Motivation Part IV

Have you ever felt like you were capable of more than what you are currently achieving? Do you have goals and dreams that you haven't gotten around to accomplishing yet? What does it take to really get going in life and start fulfilling your potential? In the fourth and final part of our series on motivation, we'll be covering self-motivation and unlocking your potential. Understanding and developing your self-motivation is the first step in improving your life.

The key is to develop a strong level of personal motivation. The purpose is to share specific strategies and self-motivation techniques to help you make positive changes in your life, increase your inner drive, and help you to unlock your full potential. It's really about becoming the person you have the potential to be.

Another part of developing your self-motivation is changing the habits in your daily routine to create automatic behaviors that will enhance your potential for success. Overcoming procrastination is a critical step in developing momentum and finding long-term success. Learn to overcome the fear of failure and of success and to take action promptly.Most people have some issues with low self-esteem or lack of self-confidence, but through sustained effort and focus, these issues can be dealt with and overcome.

Obviously, if you can get a person to change their perception of the value of a particular outcome or change their estimated likelihood of achieving an outcome, you would change their estimated utilities or expected net outcomes.

If for example, a person began to see more value in a promotion than they previously did, the attractiveness of that outcome (and therefore the motivational "pull" of that outcome) would increase. Perhaps the supervisor could point out some things about getting a promotion that the person had not considered. Likewise, if the supervisor could get the person to modify their expectation of receiving a promotion, they would change the person's level of motivation toward that outcome. Perhaps the person does not consider the likelihood of getting a promotion very high. If the supervisor can (honestly) convince the person that his/her chances are better than they think, the motivational pull will increase.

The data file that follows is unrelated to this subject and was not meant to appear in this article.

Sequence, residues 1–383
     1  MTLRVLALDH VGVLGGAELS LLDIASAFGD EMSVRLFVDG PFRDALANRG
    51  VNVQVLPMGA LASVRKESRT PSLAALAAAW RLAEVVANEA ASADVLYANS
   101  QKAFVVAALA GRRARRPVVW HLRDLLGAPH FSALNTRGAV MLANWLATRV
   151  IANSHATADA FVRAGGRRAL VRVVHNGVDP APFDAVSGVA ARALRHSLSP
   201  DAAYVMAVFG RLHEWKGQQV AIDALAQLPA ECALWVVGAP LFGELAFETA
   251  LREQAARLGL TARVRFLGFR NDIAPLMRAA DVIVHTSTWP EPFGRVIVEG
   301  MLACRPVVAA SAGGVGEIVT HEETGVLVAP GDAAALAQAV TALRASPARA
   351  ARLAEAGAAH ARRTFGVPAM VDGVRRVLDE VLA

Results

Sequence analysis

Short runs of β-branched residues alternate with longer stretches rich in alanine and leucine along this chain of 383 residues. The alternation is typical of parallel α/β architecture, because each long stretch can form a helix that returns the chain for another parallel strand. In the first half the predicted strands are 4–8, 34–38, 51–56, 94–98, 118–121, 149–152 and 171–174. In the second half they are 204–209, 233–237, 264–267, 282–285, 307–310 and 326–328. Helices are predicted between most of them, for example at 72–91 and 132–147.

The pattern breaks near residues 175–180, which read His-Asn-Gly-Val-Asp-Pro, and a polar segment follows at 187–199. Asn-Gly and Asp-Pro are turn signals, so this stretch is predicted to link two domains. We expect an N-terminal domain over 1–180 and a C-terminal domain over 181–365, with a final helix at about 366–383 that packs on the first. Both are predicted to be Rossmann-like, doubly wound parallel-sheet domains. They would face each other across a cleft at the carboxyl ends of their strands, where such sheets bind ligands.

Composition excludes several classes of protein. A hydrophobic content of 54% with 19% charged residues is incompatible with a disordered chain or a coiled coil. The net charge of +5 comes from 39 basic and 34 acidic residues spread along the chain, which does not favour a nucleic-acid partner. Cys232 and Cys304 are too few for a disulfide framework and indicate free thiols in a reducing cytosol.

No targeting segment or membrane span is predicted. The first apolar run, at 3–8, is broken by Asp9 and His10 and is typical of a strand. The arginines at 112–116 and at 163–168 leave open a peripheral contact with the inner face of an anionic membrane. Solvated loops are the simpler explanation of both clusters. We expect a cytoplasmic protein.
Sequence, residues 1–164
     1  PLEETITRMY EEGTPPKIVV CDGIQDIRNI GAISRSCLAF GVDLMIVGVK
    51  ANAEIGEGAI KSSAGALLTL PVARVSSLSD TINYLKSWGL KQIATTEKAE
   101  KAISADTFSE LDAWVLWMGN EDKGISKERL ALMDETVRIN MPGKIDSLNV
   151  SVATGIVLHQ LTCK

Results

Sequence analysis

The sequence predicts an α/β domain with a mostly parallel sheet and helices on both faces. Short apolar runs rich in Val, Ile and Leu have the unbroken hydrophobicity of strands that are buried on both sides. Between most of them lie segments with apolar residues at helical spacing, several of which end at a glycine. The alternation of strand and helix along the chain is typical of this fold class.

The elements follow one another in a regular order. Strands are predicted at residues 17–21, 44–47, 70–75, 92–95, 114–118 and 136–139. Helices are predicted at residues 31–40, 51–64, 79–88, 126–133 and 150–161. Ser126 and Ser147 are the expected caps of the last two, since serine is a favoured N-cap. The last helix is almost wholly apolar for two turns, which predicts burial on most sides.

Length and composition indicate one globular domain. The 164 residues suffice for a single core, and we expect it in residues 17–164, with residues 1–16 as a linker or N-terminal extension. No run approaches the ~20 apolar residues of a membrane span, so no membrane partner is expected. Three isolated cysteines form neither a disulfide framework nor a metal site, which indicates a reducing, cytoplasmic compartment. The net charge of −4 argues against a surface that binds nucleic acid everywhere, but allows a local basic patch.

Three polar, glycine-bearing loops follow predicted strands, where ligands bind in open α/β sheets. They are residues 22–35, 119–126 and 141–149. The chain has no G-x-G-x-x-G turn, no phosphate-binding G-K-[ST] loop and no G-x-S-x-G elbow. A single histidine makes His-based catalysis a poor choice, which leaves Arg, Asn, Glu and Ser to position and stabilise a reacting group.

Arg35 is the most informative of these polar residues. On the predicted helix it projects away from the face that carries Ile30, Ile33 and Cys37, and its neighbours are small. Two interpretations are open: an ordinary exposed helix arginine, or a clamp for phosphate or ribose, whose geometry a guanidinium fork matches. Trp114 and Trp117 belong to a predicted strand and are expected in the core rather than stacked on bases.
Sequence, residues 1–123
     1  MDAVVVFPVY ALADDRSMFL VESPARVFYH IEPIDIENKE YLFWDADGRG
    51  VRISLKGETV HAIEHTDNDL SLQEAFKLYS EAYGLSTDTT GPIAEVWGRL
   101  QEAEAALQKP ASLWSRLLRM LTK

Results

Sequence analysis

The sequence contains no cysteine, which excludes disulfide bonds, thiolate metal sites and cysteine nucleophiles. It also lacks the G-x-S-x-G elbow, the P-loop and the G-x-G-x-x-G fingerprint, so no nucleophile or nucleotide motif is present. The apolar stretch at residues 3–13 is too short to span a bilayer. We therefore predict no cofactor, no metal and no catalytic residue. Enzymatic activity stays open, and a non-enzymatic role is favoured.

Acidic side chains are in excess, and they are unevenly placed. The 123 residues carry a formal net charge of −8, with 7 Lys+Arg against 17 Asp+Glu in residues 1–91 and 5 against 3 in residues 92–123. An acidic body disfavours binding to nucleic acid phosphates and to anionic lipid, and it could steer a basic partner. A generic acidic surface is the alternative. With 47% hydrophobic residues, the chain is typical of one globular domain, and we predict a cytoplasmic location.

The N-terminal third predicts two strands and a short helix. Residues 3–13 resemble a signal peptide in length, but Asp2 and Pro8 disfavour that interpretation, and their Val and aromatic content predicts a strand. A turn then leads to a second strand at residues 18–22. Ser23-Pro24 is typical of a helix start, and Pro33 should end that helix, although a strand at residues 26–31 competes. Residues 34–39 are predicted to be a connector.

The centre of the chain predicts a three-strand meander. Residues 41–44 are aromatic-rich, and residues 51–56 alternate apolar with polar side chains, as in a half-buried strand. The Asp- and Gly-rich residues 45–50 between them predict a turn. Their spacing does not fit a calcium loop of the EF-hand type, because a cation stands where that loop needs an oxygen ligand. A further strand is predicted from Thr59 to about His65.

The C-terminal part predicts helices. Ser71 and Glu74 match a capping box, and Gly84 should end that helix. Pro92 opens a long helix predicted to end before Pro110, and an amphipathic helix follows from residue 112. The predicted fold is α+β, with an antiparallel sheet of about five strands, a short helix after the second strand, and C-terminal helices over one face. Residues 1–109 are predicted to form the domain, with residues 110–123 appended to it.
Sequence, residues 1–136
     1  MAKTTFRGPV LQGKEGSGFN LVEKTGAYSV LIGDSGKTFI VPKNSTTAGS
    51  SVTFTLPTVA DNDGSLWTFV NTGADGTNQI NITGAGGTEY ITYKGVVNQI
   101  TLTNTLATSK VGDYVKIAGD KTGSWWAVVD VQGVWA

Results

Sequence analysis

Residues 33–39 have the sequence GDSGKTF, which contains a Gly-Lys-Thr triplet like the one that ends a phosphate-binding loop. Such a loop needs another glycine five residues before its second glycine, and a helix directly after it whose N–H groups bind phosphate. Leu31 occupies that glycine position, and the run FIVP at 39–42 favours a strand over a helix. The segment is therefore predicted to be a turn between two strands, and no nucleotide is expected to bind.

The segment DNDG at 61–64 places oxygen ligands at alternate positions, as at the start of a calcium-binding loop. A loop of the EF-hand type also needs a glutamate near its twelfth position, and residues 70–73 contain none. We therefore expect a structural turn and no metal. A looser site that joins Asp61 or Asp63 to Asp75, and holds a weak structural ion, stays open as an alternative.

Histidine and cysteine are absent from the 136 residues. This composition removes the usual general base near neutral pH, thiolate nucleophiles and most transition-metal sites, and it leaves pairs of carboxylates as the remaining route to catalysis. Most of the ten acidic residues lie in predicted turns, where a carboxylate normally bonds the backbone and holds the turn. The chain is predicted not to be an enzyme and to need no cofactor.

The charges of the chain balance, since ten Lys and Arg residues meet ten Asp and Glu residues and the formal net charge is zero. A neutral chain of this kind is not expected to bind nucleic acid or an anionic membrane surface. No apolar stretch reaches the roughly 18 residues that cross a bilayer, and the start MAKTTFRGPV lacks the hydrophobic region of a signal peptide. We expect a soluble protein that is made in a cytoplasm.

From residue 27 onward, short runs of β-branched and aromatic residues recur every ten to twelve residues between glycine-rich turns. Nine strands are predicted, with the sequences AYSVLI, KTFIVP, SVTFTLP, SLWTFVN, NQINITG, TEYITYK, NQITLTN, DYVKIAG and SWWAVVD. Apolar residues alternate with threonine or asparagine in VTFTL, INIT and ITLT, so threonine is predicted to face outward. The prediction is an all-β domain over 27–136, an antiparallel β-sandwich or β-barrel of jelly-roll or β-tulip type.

McClelland developed the theory that humans are motivated by three major needs (later expanded to four):

  1. Need for Achievement: desire to accomplish something worthwhile, need to set and achieve difficult but realistic goals.
  2. Need for Power: desire for authority
  3. Need for Affiliation: feeling part of a group, being accepted by others.
  4. Need to Avoid Failure

You can see various parallels between McClelland's theory on major needs and Maslow's Classic Hierarchy of Motivational Needs. We all have a basic instinct to want to achieve and become a better version of our current selves. What seperates the successful and truly happy from the rest of the earth's population is that they chose to follow that instinct to the fullest instead of ignoring and silencing it.

I would like to be able to promise you that developing your self-motivation will make you rich, famous, and fulfill all of your dreams. But it can't. What I can promise is that if you understand and apply the information from this course you will utilize more of your untapped potential and perhaps find greater fulfillment in your lif